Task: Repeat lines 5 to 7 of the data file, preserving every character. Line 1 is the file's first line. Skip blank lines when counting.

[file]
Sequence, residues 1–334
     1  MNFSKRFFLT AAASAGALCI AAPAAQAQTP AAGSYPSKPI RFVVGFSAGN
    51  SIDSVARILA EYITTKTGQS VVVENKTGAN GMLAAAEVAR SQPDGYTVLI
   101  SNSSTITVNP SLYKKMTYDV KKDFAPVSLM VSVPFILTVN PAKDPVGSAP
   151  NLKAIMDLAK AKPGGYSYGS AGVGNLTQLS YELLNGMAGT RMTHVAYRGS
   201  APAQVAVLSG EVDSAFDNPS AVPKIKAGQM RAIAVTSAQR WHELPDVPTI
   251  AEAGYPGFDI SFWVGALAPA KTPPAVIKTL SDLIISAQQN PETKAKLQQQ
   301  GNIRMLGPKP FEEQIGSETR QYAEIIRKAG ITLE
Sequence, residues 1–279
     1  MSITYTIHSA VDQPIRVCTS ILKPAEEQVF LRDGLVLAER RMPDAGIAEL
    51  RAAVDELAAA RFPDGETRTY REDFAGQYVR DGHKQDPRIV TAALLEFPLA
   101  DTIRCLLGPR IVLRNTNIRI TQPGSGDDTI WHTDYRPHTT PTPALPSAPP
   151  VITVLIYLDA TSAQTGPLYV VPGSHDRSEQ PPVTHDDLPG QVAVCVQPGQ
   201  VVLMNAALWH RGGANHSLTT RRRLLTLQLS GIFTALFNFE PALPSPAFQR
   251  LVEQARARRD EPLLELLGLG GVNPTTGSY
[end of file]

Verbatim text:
   151  NLKAIMDLAK AKPGGYSYGS AGVGNLTQLS YELLNGMAGT RMTHVAYRGS
   201  APAQVAVLSG EVDSAFDNPS AVPKIKAGQM RAIAVTSAQR WHELPDVPTI
   251  AEAGYPGFDI SFWVGALAPA KTPPAVIKTL SDLIISAQQN PETKAKLQQQ